Turkey wary of Euroforce deal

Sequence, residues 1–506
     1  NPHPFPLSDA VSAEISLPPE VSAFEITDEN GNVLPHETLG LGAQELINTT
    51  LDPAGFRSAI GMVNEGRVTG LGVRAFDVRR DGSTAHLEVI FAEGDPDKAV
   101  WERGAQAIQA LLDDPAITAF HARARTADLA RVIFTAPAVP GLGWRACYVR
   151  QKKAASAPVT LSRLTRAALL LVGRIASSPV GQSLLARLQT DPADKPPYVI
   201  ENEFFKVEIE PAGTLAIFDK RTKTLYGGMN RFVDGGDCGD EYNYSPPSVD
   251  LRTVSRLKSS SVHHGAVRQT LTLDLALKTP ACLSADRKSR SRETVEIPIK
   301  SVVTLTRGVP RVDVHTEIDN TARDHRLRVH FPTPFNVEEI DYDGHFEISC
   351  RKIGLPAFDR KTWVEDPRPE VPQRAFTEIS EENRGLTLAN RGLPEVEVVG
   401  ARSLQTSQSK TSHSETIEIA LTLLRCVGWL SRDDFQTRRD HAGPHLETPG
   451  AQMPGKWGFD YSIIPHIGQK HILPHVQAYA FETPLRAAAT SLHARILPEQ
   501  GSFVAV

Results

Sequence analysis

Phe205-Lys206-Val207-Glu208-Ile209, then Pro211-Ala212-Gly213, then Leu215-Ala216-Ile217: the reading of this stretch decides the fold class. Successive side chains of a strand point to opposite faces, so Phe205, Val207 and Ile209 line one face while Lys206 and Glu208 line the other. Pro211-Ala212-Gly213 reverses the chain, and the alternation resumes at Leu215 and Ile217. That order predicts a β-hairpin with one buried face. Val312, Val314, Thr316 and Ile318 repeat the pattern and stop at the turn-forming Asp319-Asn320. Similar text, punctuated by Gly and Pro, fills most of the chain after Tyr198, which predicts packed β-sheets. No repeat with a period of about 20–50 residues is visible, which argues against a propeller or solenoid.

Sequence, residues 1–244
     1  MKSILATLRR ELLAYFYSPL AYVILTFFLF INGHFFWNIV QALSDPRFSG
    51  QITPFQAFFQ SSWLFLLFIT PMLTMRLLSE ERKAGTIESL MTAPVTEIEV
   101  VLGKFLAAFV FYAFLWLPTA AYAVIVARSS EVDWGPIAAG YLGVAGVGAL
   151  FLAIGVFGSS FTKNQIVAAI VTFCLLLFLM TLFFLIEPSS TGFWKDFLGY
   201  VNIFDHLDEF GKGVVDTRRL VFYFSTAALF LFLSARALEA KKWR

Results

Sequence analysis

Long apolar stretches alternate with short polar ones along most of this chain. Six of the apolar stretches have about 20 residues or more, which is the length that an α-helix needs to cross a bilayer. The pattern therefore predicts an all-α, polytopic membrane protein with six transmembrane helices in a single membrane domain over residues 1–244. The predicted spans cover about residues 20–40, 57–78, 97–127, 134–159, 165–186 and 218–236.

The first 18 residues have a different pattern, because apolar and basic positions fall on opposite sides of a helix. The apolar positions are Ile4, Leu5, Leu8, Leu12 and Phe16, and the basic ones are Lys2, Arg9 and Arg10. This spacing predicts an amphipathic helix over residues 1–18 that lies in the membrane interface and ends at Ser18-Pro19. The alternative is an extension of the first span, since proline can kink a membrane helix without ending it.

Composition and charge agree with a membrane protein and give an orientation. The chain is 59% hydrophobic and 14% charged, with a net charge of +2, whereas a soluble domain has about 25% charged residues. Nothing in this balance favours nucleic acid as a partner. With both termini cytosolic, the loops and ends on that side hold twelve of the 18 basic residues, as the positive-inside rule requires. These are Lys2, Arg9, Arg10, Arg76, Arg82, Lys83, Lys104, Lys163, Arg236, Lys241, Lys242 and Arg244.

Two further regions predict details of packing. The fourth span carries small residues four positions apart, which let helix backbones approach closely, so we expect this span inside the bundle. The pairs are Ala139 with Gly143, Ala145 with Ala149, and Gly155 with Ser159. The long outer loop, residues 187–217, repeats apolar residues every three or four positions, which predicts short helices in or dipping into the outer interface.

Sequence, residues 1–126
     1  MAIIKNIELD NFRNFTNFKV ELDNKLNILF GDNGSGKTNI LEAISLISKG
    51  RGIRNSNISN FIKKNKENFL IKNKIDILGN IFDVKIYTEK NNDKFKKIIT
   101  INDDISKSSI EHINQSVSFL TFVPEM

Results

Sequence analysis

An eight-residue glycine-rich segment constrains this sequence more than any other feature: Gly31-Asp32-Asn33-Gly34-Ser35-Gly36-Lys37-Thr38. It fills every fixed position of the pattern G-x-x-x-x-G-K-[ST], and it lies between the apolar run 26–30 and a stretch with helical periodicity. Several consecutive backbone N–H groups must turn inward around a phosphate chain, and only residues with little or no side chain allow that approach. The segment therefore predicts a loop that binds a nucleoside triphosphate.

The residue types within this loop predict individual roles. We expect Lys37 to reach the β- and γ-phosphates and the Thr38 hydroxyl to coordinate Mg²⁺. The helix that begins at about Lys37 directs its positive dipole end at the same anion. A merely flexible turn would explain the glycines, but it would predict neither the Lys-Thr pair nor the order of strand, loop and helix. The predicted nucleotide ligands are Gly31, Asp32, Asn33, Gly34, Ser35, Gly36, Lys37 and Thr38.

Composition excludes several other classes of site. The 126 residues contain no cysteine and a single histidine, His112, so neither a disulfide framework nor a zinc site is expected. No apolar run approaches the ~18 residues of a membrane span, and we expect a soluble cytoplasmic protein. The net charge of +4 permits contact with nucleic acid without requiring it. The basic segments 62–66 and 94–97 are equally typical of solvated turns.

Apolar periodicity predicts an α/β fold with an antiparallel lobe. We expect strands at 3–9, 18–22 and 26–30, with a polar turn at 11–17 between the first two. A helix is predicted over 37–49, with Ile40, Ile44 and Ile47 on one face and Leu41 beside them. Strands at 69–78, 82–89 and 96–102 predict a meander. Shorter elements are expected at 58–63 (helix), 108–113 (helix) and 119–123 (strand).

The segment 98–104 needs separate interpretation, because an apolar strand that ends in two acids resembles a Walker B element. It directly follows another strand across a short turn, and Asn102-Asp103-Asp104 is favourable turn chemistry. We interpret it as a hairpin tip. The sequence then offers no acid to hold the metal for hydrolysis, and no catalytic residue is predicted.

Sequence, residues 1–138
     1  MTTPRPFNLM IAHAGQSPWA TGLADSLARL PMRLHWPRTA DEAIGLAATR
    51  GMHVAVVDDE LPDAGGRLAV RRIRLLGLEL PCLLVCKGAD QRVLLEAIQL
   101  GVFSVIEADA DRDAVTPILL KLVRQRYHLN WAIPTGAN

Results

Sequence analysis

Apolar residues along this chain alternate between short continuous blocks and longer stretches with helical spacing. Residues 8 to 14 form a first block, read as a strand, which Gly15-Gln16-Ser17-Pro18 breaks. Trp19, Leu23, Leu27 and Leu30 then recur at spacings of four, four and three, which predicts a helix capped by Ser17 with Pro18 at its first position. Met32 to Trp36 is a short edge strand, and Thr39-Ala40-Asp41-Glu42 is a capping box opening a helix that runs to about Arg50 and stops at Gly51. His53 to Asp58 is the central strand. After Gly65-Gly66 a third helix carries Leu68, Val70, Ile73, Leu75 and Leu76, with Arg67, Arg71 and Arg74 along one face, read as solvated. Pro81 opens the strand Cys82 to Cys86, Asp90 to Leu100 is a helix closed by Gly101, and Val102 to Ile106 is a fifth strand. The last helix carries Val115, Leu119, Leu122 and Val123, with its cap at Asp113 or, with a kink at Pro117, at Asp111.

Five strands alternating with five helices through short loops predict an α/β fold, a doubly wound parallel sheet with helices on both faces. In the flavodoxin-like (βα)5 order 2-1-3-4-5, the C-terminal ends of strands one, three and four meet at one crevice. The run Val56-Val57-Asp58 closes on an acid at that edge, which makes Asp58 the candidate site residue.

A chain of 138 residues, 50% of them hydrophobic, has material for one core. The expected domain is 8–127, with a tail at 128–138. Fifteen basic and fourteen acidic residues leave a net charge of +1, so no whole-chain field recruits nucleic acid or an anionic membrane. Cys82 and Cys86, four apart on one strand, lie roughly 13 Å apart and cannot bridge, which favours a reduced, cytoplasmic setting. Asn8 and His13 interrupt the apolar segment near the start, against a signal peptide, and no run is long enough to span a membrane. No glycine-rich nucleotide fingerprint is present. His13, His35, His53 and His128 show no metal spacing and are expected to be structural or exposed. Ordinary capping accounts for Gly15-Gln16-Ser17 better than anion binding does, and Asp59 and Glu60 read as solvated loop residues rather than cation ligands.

ANKARA (AP) – Turkey’s Foreign Minister Sukru Sina Gurel said his country objected to plans to use NATO resources for an European Union defense force, calling parts of a new agreement by EU leaders «disturbing.» Gurel, on a visit to Copenhagen, Denmark, told Turkish reporters late on Sunday that Turkey «especially» objected to parts of the agreement that would allow Greek Cypriots, who are expected to join the EU in 2004, to use NATO assets, such as planning, air-lift, intelligence and secure communications. «New EU members that aren’t members of NATO shouldn’t automatically benefit from NATO’s resources,» the Anatolia news agency quoted Gurel as saying. Turkey – a member of NATO but not the EU – has long demanded the right to veto any EU military deployment in its region. Agreement has been stalled due to Greek objections to giving Turkey any veto rights. In June, Turkey rejected a compromise agreed to by Greece. European leaders say the new text, agreed upon on Friday, stresses the «autonomy» of both NATO and EU, producing guarantees that neither organization will use its armed forces against members of the other, and committing both to respect UN agreements on the use of force. [Yesterday, the EU’s defense and foreign affairs chief, Javier Solana, urged Ankara to accept the euroforce agreement. «It took us a long time to prepare,» he told journalists in Copenhagen, where the Danish EU presidency is briefing candidates for EU accession on the decisions of last week’s EU summit in Brussels. On the sidelines of the Copenhagen meeting, Cypriot President Glafcos Clerides had a brief encounter yesterday with Turkish President Ahmet Necdet Sezer – who on Sunday insisted Turkey needs a date for the beginning of its accession talks.]